And then verse 26 says, “After singing a hymn, they went out to the Mount of Olives.” Even the very song they sang was a prescribed part of the Passover Worship Service. That night also began the Feast of Unleavened bread. Unleavened bread is bread with no yeast in it. You know, for Communion, we sometimes have this nice homemade loaf bread, or Hawaiian Bread, or some other big fluffy bread… no, what they had was flat and hard and without any yeast. Actually it sorta tastes like salt-free crackers – kinda bland…and, there’s even a reason for that…


When the Israelites were leaving Egypt, the Exodus happened so quickly that they didn’t have time to let the leaven (or yeast) work, or to let the bread rise.


But, symbolically it meant something else as well. The absence of leaven symbolized complete consecration and devotion to God. Leaven, in the Bible is often equated with sin, so therefore the “Bread of Life” was “Unleavened” – without sin…


The next day, Friday, what we call “Good Friday” is when Jesus would hang on the cross.


The day after the crucifixion (actually beginning at sundown on that Friday) was the Sabbath Day. Remember, that’s the reason the Jews wanted to make sure Jesus was dead and buried before sundown.


Then Saturday, their Sabbath is the “in-between” day for us, and I suspect, it was probably the longest day Jesus’ disciples ever lived. They couldn’t work, they couldn’t cook, they couldn’t go anywhere… all they could do was wait…


Sunday morning, our “First day of the week” began the Festival of First Fruits for the Jewish people. We find that in Lev. 23:9-11 Then the Lord said to Moses, “Give the following instructions. When you enter the land I am giving you and you harvest its first crops, bring the priest a bundle of grain from the first cutting of your grain harvest. On the day, after the Sabbath, the priest will lift it up before the Lord so it may be accepted on your behalf. (Emphasis added.)


Remember what Paul called Jesus? 1Corinthians 15:20 “But now Christ has been raised from the dead, the first fruits of those who are asleep.”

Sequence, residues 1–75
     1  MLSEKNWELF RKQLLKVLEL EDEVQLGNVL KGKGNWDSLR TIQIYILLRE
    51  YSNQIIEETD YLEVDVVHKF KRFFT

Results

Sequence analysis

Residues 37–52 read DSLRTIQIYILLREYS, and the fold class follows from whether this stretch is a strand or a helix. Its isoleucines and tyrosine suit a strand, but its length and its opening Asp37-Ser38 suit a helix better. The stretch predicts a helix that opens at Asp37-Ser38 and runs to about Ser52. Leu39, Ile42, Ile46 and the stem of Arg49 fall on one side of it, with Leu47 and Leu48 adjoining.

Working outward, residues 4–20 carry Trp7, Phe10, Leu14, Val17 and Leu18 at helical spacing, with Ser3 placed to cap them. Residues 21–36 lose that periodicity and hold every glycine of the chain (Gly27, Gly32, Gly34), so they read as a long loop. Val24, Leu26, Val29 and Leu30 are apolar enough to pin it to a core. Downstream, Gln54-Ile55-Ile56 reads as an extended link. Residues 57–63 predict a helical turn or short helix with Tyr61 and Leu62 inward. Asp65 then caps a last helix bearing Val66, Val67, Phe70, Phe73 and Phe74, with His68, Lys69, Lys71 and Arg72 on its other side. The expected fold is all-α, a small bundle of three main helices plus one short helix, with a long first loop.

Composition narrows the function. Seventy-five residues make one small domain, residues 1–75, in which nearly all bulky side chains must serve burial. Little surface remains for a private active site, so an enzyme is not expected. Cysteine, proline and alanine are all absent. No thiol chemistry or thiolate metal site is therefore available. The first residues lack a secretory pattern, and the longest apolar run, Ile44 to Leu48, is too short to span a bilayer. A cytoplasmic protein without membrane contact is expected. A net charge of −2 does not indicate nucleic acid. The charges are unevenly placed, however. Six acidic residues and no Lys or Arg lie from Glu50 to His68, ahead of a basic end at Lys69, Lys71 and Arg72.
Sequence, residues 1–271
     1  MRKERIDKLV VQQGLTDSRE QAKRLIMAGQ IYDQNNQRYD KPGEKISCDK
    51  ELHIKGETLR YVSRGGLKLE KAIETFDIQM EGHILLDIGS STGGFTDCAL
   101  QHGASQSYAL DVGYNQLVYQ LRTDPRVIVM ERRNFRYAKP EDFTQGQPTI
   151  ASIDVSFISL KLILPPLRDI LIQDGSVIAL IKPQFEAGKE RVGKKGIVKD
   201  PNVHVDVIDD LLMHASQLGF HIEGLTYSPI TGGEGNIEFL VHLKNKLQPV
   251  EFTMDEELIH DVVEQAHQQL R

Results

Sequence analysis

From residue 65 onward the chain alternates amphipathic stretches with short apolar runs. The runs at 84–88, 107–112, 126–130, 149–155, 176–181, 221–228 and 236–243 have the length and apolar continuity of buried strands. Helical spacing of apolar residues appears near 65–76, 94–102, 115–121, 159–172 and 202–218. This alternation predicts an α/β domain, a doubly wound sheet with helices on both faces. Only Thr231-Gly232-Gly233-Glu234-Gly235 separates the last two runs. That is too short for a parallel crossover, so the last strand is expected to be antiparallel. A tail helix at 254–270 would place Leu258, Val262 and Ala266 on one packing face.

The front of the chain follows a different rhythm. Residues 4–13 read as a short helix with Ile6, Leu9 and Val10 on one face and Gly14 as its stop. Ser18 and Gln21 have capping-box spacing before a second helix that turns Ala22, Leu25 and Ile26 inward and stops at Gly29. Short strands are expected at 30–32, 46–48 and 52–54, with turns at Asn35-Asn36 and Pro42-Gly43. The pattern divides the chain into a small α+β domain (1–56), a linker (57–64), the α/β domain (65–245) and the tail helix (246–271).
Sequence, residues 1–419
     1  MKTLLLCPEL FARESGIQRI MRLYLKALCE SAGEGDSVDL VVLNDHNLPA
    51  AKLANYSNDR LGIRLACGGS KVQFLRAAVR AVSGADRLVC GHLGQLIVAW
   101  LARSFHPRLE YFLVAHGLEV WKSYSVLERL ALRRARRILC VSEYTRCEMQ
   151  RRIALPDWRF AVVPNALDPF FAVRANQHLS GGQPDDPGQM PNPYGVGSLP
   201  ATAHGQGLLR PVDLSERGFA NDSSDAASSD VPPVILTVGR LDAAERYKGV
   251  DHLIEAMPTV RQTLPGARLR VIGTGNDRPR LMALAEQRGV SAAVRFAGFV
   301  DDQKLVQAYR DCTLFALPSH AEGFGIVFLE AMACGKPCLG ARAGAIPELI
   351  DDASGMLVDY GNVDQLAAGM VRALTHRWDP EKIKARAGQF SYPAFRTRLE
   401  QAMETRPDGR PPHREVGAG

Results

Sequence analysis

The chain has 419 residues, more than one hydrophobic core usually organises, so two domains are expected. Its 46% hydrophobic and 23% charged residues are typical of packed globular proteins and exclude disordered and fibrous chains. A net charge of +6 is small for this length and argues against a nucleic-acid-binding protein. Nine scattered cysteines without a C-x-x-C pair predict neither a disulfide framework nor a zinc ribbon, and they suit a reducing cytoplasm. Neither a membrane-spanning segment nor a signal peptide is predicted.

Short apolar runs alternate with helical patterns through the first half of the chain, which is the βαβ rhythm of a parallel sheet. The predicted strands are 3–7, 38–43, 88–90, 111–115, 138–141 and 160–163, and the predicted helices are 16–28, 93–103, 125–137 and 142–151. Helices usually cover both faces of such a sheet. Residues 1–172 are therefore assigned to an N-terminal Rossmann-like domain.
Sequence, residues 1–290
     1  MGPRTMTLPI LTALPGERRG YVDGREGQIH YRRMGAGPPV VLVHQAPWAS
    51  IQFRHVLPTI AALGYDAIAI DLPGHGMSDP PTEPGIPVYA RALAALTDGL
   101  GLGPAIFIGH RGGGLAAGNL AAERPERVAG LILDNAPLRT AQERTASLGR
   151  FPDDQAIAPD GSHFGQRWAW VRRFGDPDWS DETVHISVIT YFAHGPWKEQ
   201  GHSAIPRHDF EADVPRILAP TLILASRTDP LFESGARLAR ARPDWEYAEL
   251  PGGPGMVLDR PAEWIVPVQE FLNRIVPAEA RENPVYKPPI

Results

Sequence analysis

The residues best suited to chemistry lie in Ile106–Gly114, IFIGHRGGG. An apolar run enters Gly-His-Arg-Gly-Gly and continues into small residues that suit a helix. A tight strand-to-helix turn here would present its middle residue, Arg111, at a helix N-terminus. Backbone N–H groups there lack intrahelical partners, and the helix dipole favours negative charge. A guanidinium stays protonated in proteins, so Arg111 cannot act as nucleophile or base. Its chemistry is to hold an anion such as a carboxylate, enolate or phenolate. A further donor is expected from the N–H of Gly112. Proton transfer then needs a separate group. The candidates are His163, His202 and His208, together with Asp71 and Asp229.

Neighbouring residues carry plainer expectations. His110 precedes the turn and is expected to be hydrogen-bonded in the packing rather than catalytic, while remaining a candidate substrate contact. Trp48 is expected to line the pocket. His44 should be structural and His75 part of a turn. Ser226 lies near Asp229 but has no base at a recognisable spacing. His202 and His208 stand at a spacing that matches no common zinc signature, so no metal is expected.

But now, here’s the real “kicker” for me – a piece of the puzzle that I didn’t even realized existed…


Look back at the beginning of our scripture text.  (Read Exodus12:2-3) “This month shall be the beginning of months for you; it is to be the first month of the year to you. Speak to all the congregation of Israel, saying,(listen now…)  ‘On the tenth of this month they are each one to take a lamb for themselves, according to their fathers’ households, a lamb for each household.”


And then verse 6 “You shall keep it until the fourteenth day of the same month, then the whole assembly of the congregation of Israel is to kill it at twilight.”


Now, think about it, if Maundy Thursday, the night of the Last Supper is the time of the sacrifice, and that is the 14th day of their first month, count backwards to the 10th of the month and what have you got… Wednesday, Tuesday, Monday… today… You’ve got Palm Sunday! Their “Choosing of the Lamb” Day is our “Palm Sunday!”


Matthew tells us that the Triumphal Entry (Matthew 21:4-5) “was done to fulfill the prophecy that said, ‘Tell the people of Israel, Look, your King is coming to you. He is humble, riding on a donkey – even on a donkey’s colt.’” But, there is an additional significance; we can see it as “The Choosing of the Lamb” Day.


The Children of Israel see the sacrifice of the lamb, and the blood on the doorpost as being symbolic of the death angel passing over their homes. But we see the blood of Christ as being the covering for our sin.


There is no sin too big, for the blood of Jesus to cover. There is no sin too terrible, or too overwhelming for the blood of Jesus to cover. There is nothing you have ever done that is too horrible for the atoning blood of Jesus. His blood covers it all!


This adds so much more emphasis to John the Baptist’s words in John 1:29 “Behold, the Lamb of God who takes away the sin of the world!”


He is truly our Sacrificial Lamb!


Father, we fall on our faces before the Throne of Grace this morning thanking You for the atoning blood of Your beloved Son, Jesus. And we thank You for preserving all the pieces of the puzzle so that we can better understand and see the complete picture.


Father, You’ve given it to us in bite-sized pieces, for we could not comprehend it all at once, the glory of it would be too much to bear.


We pray now that You will touch the hearts of your children, that You will “tune our hearts to sing Your praise”, and that You will give us a passion to know Your Word, and to seek ways to serve You.


In Jesus’ name – Amen.